Stop searching for passion: how to find meaning in any career

2018-11-01 | BY Michelle Pencer | IN Hiring, Job Search Starter Kit, Job Seekers, Recruiting, Work Life

Stop searching for passion: how to find meaning in any career

Too often, passion is coded as some kind of inborn motivator, planted within you from birth and destined to follow you, unchanging, throughout your life. Yet in reality, passion is just as easily ‘created’ as it is ‘discovered.’

The epithet ‘follow your passions’ has always been a (mis)guiding force for young professionals as they embark on their chosen career path – or as they commit, yet again, to a path that has consistently failed to prove its value.

With the right conditions, you can find passion and fulfillment in almost any career. Read on to find your passion – no matter what you do.

What do you really want?

Most people aren’t lucky enough – or maybe they’re actually the lucky ones? – to be born with an explicit, well-defined, commodifiable passion. In fact, it’s rare that passion is attached to a specific activity at all; it’s more often a product of how that activity makes you feel.

What you want to capture is the feeling that passion engenders. Does giving back to your community inspire you? Are you driven by a need to create something beautiful? Do you enjoy spending time with your family above all else?

Identify what makes you excited, inspired, driven. Aim for high-level concepts – instead of thinking ‘I am passionate about coding,’ think ‘I am fulfilled when I solve complex problems’ or ‘I love creating and interacting with new softwares.’ This type of reasoning will help you understand your own motivations.

How to generate purpose – regardless of career path.

The right perspective can produce a deep and lasting passion for what may have once seemed dull, uninspired, and monotonous.

Consider this: every two years, valets from around the US gather to compete in the National Valet Olympics. In anticipation of these trials, competitors run drills, train with mentors, and hone their ‘craft.’

These men and women take extreme pride in their work, elevating it to the likes of an Art – despite the general consensus that valet parking is an entry-level, ordinary job.

Here’s how you, too, can build meaning:

1. Create a narrative.

Narrative Identity Theory posits that human beings are constantly in the process of building and rebuilding a narrative of self. This is an on-going, cohesive story of your life, that lends a sense of cause and effect to the randomness of your experience.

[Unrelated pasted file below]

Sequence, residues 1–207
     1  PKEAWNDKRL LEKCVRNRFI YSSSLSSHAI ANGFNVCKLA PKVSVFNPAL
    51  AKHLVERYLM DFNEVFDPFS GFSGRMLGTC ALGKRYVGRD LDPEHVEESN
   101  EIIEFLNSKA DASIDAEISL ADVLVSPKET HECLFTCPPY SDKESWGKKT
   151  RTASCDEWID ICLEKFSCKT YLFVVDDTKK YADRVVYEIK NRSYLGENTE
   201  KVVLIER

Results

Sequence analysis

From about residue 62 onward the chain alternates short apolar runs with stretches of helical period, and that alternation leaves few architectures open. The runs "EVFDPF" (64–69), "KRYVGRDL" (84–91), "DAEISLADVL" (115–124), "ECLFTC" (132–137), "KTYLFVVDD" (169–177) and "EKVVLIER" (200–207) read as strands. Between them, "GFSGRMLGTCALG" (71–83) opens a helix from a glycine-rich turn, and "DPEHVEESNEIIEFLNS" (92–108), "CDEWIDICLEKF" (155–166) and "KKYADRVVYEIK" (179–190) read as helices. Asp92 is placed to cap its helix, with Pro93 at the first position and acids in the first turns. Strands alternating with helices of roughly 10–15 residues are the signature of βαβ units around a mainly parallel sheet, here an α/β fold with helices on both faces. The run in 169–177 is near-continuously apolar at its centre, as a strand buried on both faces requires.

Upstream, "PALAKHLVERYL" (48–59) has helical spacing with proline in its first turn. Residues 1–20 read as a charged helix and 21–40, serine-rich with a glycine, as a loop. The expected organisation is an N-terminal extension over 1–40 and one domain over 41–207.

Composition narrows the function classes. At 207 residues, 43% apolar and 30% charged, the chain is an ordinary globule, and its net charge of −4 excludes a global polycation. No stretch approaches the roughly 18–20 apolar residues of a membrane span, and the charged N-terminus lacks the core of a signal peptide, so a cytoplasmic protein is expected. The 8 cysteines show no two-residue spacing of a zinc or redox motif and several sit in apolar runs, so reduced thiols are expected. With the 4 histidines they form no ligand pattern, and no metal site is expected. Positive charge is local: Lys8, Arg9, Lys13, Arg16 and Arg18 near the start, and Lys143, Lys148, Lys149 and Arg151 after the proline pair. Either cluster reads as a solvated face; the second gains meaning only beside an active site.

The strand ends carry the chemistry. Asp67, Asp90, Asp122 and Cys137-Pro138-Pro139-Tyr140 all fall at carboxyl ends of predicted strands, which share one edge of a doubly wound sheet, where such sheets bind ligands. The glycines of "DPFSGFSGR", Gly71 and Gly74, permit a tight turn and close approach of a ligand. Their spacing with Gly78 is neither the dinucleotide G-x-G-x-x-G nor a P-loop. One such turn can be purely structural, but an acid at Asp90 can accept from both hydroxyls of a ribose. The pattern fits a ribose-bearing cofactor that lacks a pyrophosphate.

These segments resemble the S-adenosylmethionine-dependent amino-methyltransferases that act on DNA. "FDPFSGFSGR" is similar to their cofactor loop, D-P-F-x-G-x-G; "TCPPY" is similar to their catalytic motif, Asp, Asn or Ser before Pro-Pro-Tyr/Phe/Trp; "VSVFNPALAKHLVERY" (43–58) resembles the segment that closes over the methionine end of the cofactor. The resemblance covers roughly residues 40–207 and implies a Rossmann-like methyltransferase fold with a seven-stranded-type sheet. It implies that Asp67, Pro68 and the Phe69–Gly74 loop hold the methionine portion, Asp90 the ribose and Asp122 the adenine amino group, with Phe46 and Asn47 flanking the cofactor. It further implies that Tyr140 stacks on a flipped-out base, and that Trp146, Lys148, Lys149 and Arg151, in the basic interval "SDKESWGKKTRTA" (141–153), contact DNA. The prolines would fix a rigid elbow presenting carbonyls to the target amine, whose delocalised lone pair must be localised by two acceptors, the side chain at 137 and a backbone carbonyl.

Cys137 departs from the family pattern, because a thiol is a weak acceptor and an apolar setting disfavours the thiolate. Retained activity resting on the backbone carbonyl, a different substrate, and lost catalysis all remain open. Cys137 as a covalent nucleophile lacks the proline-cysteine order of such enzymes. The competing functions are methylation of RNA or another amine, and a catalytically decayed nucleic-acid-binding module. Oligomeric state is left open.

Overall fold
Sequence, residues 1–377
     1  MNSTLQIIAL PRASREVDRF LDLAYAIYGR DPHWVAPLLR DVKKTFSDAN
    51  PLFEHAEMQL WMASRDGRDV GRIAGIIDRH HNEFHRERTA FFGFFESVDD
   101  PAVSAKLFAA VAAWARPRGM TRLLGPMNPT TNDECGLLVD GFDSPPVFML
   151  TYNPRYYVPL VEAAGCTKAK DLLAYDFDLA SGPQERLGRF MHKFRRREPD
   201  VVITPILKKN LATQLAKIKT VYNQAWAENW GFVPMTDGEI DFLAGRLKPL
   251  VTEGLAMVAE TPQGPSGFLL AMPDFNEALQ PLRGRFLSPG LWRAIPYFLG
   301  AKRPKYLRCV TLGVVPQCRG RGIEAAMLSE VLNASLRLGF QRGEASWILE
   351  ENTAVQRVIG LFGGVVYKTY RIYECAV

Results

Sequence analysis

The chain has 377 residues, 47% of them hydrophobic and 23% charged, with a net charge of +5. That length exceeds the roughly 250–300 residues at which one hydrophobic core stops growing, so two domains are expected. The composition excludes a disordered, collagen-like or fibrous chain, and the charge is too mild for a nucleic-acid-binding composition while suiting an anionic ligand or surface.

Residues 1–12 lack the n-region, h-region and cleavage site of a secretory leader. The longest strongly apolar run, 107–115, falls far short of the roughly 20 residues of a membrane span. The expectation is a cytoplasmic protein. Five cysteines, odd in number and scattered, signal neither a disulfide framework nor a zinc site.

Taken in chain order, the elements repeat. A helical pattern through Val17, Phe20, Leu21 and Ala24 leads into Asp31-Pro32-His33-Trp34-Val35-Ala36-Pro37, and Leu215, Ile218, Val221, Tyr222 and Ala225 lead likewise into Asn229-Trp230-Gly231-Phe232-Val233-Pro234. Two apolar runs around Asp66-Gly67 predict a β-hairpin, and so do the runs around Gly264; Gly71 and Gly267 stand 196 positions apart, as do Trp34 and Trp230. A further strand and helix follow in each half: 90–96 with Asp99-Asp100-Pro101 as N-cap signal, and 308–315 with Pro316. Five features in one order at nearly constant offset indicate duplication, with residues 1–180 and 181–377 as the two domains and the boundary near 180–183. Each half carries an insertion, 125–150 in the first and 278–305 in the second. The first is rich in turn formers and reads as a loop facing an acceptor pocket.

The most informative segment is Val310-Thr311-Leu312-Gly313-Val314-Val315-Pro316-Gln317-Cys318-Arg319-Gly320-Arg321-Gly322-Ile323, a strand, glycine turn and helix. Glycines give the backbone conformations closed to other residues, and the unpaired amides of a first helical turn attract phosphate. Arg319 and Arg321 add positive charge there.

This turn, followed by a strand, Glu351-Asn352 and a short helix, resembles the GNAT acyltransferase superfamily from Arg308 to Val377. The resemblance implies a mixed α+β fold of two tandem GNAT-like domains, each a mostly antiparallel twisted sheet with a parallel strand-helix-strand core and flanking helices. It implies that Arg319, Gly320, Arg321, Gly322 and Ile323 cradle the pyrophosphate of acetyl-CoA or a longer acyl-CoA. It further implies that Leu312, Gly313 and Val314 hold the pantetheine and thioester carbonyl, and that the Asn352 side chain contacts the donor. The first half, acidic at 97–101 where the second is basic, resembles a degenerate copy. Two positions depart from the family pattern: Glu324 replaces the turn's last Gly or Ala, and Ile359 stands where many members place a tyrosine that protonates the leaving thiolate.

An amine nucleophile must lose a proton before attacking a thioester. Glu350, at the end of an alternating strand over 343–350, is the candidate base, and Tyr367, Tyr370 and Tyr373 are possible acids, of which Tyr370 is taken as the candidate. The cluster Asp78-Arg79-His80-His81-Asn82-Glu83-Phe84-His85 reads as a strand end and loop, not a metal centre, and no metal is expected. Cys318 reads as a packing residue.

Integrating work into your Narrative Identity will help you to understand how your job contributes to and enhances your individuality. Tell yourself a story; why do you do this job? Who does it help? What first got you into it?

Assuming you’ve identified your motivations, your story should emphasize the particular aspects of your work that impart significance and meaning to your daily life.

2. Connect services and products to people.

Find your impact.

Software engineer at a Fintech startup? You’re not just a coding monkey; you’re helping people gain mastery over their finances and power over their futures.

Recruiter? You’re more than the hours you spend sourcing; you play an essential part in connecting driven individuals with their own version of ‘meaningful.’

Linking your work to essential, measurable impacts in peoples’ lives can transform the way you think about yourself and the value you place on your job.

Is passion sabotaging your happiness?

Not all passions are meant to be pursued at full gusto – some passions are happy to remain past-times, side-gigs, or aptly-named ‘passion projects.’ Remember, passion can be fickle, inscrutable, and, most importantly, not all-encompassing.

Passion and talent don’t always go hand-in-hand, and following your passion can lead to significant disappointment. With that in mind, identify the pursuits to which you devote the most time; these are usually good representations of where talent meets meaning.

Try seeing your passion as a separate, living entity; is this being, your passion, working in your best interest? Does it want you to be happy? If a ‘lack of passion’ is making you reconsider your job choice or life path, question the passion itself.

Make sure your pursuits are elevating your sense of self – not undermining it.

Every job comes with its share of tedious tasks and unreasonable standards. The key is in finding ways to make it your own; your ability to inject your personality, values, and interests into the work you do will determine your happiness and fulfillment. When you take ownership of your work, witness its impact, and integrate its meaning into your Narrative Identity, you stop searching for something ‘more.’

And if you’ve read all of the above and are still struggling to find meaning at work, then maybe it really is time for something new. Let’s discuss your options; send us an email at

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